Getting real part 2

I grew up with a friend who came from a musical household and was practically born holding a violin and bow. As we got older, he took lessons and performed in local recitals before deciding to major in music in college. Even before graduation, he was auditioning and fielding offers for entry positions in symphonies and orchestras across the country.

It inspired me to learn violin too. I figured it wouldn’t be that hard to learn and it wouldn’t be long before I could audition for a local community orchestra–I’d attended many orchestral performances throughout the years, so I knew how a violin should sound, and I already knew how to read music, which is probably one of the bigger hurdles to learning an instrument. But to my disappointment, even playing “Twinkle, Twinkle Little Star” sounded scratchy and terrible, like a third grader’s playing. Why was this happening? Why couldn’t I play Beethoven yet? Why wasn’t I as good as my friend already?

If you think these questions are totally ridiculous, it’s because they are. This story is made up (except for the part about my awful violin playing, which is true), but illustrates a key point: I compare myself to other people constantly, even though we may not only have different goals but also a different foundation, which leads to unrealistic expectations about performance.

That is, we may be doing the same thing (e.g. strength training, running) but we may have started from different points (e.g. 5 pound or 10 pound dumbbells, a 12 min/mi pace or an 8 min/mi pace) and ultimately have different goals (e.g. run a 5k or run an ultramarathon). It’s silly to make comparisons between these scenarios, and yet I still do it all the time. And I doubt I’m the only one. It makes almost no sense.

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Why, yes, I do maintain an excel spreadsheet to track my pace.

I have a lot of friends who lift and/or run, which is great because that’s a huge, readily available mine of information or even just conversation. Many of them are proud of their accomplishments–and rightly so–and post updates or pictures about their workout regimen. Mostly I am in awe of my friends’ superpowers, but a small, small part of me is envious. Will I ever be able to run a 7-minute mile or a marathon? Will I ever be able to deadlift my own weight? Why can’t I be like “that”?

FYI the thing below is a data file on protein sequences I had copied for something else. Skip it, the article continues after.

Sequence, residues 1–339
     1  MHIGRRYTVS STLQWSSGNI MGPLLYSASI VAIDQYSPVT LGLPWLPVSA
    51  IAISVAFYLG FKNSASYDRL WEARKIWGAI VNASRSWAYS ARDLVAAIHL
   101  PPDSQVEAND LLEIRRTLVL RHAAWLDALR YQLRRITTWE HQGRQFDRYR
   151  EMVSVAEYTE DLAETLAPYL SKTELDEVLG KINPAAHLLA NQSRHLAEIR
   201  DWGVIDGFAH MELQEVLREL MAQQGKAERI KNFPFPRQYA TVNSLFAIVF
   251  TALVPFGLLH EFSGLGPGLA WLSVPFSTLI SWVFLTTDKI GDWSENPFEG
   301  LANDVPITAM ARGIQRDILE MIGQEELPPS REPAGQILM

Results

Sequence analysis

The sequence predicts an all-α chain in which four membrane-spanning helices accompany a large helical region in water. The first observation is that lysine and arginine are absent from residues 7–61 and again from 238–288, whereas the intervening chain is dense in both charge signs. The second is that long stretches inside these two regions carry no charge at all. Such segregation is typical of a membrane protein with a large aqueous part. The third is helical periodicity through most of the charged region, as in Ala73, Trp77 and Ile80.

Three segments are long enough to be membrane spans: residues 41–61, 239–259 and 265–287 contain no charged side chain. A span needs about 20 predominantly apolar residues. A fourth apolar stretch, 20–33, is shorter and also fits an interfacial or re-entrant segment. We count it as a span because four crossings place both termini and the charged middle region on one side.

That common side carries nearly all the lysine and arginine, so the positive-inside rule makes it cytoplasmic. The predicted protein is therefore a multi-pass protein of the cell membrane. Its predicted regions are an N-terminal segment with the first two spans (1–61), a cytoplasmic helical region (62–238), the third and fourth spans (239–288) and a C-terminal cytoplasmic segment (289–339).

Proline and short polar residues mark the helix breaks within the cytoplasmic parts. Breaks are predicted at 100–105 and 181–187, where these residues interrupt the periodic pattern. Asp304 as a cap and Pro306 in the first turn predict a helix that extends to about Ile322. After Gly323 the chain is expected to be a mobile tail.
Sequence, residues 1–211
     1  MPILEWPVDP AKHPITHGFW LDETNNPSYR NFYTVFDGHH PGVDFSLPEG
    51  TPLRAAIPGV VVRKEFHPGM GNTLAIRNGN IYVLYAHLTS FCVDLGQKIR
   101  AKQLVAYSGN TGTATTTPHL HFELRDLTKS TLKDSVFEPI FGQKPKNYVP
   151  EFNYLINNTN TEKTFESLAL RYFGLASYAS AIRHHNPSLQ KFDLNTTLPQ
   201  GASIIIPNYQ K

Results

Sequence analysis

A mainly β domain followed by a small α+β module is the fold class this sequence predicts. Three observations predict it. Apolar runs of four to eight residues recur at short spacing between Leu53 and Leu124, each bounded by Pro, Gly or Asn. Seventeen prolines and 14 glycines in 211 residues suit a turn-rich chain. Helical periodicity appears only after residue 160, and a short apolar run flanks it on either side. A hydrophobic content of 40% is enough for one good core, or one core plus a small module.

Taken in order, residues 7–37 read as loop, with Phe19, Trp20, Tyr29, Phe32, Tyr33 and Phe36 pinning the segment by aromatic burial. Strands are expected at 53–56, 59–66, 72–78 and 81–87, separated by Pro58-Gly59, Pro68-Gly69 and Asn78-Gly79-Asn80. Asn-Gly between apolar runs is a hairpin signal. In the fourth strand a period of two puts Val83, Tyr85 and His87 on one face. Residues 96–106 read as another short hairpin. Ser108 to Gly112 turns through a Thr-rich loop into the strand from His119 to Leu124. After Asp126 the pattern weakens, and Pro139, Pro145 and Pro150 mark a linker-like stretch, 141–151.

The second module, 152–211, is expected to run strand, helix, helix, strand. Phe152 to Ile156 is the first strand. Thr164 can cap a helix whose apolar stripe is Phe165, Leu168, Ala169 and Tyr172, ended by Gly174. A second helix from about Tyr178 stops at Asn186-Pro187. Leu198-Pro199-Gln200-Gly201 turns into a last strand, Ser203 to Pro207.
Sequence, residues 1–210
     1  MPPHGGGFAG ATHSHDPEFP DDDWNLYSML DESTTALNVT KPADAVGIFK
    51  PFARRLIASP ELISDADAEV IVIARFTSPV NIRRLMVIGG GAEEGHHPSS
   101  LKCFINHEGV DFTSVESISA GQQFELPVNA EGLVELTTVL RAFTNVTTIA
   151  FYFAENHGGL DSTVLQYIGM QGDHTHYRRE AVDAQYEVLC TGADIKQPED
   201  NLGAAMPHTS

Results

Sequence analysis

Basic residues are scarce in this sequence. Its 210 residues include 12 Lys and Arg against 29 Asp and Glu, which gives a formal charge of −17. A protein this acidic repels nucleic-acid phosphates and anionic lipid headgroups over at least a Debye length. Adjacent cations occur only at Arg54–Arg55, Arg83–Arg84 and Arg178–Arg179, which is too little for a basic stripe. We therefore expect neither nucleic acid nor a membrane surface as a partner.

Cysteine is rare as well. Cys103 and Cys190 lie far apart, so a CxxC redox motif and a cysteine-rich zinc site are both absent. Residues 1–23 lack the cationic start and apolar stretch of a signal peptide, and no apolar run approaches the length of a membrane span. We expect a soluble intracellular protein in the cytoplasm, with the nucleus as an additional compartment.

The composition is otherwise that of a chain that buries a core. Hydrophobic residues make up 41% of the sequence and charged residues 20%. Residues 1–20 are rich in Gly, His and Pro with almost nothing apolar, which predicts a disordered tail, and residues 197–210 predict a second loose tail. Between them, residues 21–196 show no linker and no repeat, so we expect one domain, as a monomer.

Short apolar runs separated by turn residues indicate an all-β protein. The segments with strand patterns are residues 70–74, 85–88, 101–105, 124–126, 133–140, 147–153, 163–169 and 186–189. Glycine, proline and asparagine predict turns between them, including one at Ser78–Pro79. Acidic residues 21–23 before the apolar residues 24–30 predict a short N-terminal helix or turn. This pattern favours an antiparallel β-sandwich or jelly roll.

Then I remember that I am a unique person with challenges and successes that apply only to me. I can’t run a 7-minute mile yet, but I started at almost a 12-minute pace about six months ago and am down to about a 9-minute pace–that’s a result! See that trendline in the graph? It’s going down–that’s me getting faster! I have had results, but mine might take longer to achieve than they might for other people, either because I started with puny, useless muscles, no stamina, and old-man joints, because I eat like a 15-year-old boy (i.e. crap), or because my workday can be up to 13 hours a day with a commute. These aren’t excuses, but they’re reasons for why I shouldn’t make myself feel like shit for not being able to run a marathon in 20 minutes or having six pack abs, 6% body fat, and bulging biceps.

I also need to remind myself constantly that these things (i.e. muscles and body fat percentage) are not my goals but physical manifestations of my goals, and they should not be what I’m aiming for. Mentally, I feel like I’m getting closer to my personal goal of approaching fitness as a lifestyle and not something that promotes self-evaluation, but I know I won’t be there until I can look at fitspiration pics without wanting to hang up the towel in self-defeat because I don’t look like a fitness goddess.

About 90% of the time, I am okay with how I look and feel about myself. The other 10%, however, is scarily intense hatred of every part of my body and fitness aptitude. It’s more than having a “fat day” and there’s not much that treats it. More often than not the fitspiration pictures that are meant to, go figure, inspire fitness just exacerbate or even trigger the problem because I am subconsciously jealous/incredulous of the results other people are able to get. How do I fight my instinct to compete with this image of the ideal or avoid just waving the white flag and accepting my life as a lazy loser?  At the same time, motivation based on physical appearance scares me the way that hanging around smokers might be unpleasant for someone who has just quit. What if I slip back into my old ways of habitual self-evaluation/hatred?

I think the key thing to remember here, again, is to be realistic about foundation, goals, and results. I may think that fitspiration or progress pics are making jabs at my inadequacy, but I clearly don’t have the same level of investment as the people in the photos, so why should I expect the same results? Do I even want to have to make the sacrifices they must make to perform the way they do? Do I want to cut out carbs and sugar? Do I want to go to the gym for hours a day? Not really. I can only do what I can do, and focusing on making fitness a sustainable part of my life is all I can do for now.

I feel like this is a recurring theme that I keep coming back to, but I suppose it still requires a lot of reinforcement. I’m going to punch that 10% in the face once and for all!

 

 

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